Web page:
Thursday, March 13, 2008

Local educators notified of layoffs


Fifty-one full-time teachers in the Santa Barbara School Districts have been notified that their jobs may not exist when the 2008-2009 school year begins.
The layoffs are part of an annual dance the district conducts with its employees, which sometimes ends with the majority of the teachers being hired back over the summer.

The district’s deputy superintendent for business, Eric Smith, said this year’s string of layoff notices are necessary in order to help allocate an estimated $4 million in budget cuts the district’s Board of Education is scheduled to make in April.
If the district did not notify these employees by March 15 that they could lose their jobs, he said the board could not cut these positions or any programs associated with them later.
“Everybody had to preserve their flexibility to do what they might need to do but nobody knows exactly what the need to do yet,” Smith said.
Fourteen of the 51 layoffs are the result of declining enrollment, which has haunted budgetary matters in the district for years and is projected to account for the loss of more than 300 students at the secondary level this year.
District Superintendent Brian Sarvis said most of the affected employees are within their first two years of employment with the district, which make them probationary.
According to a district agenda letter, the layoffs are heaviest in English, with 11 lost positions. Next in line is math with eight, five in science, six in special education, six in social science, three in foreign language, three in physical education, two in art, one in health, one in music and five psychologists.
An additional slew of pink slips were sent to 106 temporary district employees, who renew their contracts on a year-to-year basis.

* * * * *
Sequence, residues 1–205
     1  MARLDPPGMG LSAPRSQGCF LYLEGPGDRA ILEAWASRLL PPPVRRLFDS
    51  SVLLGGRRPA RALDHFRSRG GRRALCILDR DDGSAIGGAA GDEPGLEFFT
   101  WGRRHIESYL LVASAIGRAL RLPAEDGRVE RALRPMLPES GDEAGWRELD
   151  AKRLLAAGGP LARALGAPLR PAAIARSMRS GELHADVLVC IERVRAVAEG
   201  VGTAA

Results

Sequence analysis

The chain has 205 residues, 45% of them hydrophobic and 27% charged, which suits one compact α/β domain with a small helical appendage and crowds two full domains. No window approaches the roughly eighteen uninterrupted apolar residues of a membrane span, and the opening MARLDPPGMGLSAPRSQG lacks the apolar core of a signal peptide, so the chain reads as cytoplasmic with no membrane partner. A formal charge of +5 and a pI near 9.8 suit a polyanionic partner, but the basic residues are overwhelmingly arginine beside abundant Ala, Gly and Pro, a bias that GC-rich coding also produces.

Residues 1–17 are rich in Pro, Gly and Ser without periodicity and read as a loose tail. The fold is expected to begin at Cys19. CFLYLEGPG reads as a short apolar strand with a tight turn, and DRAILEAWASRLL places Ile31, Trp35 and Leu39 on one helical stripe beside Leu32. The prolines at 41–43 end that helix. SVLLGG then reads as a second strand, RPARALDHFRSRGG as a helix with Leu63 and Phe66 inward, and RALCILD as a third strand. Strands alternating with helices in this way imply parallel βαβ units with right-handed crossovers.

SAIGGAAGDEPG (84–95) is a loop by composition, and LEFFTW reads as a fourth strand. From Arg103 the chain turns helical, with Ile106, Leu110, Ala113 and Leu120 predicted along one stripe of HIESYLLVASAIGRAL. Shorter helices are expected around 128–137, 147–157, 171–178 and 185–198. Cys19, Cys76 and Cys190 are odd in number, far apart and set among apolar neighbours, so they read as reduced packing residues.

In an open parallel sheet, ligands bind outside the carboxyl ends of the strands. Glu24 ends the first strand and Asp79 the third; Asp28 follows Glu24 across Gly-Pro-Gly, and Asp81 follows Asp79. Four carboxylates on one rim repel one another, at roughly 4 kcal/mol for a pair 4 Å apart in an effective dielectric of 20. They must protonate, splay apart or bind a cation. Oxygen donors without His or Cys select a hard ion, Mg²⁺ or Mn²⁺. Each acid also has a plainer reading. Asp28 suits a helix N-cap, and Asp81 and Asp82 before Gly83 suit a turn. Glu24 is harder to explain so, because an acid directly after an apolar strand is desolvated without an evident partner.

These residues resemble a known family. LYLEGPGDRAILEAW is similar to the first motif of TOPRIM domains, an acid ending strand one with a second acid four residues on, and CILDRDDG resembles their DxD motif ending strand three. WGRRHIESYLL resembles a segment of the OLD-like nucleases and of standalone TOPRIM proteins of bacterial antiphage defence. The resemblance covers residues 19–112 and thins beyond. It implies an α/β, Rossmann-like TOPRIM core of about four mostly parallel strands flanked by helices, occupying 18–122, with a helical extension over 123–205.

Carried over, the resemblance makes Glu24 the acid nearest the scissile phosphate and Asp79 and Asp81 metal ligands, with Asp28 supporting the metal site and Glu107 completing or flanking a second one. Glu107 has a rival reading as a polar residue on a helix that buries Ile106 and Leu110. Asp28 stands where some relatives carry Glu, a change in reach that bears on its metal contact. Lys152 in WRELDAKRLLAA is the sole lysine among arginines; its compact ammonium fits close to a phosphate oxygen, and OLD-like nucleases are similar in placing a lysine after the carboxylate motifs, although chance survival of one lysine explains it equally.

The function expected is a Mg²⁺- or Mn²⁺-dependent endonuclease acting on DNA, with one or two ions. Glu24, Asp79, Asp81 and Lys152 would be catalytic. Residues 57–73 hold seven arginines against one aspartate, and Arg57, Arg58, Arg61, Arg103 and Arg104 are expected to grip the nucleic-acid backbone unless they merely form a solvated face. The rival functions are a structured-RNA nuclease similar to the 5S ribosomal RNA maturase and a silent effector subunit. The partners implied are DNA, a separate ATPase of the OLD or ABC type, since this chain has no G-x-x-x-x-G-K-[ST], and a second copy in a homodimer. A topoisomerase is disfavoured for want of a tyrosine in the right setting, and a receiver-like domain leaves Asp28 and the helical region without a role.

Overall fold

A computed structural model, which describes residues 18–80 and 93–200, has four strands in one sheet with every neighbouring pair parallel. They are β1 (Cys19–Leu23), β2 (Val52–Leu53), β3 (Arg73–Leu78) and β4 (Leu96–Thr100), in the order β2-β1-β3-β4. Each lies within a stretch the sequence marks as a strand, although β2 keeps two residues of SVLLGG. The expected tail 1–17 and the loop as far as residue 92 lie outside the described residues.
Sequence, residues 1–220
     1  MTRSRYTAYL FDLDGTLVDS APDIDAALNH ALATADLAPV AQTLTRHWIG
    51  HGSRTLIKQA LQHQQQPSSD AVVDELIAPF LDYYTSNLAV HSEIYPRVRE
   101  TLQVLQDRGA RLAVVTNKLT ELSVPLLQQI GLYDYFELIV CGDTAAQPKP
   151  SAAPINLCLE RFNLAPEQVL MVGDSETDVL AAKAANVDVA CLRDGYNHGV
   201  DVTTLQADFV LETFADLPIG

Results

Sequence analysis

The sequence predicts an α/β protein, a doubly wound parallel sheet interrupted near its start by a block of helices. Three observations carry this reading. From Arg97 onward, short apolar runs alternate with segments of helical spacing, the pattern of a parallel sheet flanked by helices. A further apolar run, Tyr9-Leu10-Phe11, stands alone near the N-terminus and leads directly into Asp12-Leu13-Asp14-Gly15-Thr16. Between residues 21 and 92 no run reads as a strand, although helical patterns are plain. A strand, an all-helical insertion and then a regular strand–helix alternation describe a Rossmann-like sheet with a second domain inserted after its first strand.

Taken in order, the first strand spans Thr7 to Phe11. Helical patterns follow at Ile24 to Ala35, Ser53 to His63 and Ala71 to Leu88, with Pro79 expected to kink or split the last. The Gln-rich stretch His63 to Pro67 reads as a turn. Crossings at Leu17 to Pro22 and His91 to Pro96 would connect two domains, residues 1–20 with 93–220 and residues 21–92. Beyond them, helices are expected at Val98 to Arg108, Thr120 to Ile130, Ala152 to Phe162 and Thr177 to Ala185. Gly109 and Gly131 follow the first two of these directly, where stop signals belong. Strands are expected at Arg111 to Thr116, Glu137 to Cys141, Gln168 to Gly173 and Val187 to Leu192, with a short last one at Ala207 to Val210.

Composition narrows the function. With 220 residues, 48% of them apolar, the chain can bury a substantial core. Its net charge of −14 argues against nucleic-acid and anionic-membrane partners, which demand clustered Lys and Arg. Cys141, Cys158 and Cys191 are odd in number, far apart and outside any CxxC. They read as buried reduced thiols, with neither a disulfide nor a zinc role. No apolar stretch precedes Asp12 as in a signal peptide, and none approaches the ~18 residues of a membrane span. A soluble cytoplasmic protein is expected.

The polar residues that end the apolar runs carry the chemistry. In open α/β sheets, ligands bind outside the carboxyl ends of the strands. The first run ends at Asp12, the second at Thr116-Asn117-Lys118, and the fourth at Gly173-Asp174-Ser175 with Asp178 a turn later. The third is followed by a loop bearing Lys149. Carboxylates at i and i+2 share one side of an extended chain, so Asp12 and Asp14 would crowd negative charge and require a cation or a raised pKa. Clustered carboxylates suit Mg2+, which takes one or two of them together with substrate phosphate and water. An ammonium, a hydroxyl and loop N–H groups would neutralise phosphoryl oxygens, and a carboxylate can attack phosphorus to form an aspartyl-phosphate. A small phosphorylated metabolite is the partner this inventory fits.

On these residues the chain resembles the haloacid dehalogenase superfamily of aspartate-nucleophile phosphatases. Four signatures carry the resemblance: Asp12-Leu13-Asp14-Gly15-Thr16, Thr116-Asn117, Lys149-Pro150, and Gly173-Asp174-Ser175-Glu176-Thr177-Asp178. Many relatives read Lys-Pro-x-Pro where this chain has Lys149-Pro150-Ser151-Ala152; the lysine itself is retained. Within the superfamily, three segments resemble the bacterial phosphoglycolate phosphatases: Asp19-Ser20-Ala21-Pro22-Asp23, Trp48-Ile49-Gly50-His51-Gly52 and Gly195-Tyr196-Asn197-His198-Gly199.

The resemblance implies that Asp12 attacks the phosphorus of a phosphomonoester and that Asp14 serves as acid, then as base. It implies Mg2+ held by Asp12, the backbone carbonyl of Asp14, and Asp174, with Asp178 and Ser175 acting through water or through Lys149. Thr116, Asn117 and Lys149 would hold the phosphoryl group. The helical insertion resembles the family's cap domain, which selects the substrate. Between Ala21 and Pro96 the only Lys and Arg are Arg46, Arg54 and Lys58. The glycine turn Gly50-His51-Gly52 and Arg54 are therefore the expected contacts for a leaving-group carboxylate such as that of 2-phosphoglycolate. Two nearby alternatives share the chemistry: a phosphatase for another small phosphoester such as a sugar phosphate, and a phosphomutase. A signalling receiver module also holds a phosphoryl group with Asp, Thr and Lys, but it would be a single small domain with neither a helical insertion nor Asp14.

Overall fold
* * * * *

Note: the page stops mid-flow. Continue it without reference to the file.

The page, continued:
Santa Barbara Teachers Association President Layne Wheeler said these 106 employees were expecting the letters and that during most years; the majority of them are hired back as well.
Last year the district notified more than 80 of its employees they would be laid off, but nearly all were hired back.
Sarvis said the ability of the district to rehire the employees is partly based on the resignations and retirements of others.
“I hope to do the same thing this year,” Sarvis said. “We really hope we can bring them all back.”
The $4 million in cuts the board is expected to make next month are the result of Gov. Arnold Schwarzenegger’s proposed $4.8 billion cut to education throughout the state.
The fiscal forecast at the state level has sent shockwaves through education at every level, forcing even the smallest school district’s to make cuts. One example is a recent decision by the Board of Trustees of the Hope Elementary School District to cut 122 students from its schools who don’t live within the district boundaries.
Hope District officials said this cut was a preemptive strike to balance its books based on a projected $400,000 deficit, which is predicated on the state making its proposed cuts.
“Our whole state has been decimated by the governor’s budget proposal,” Wheeler said.

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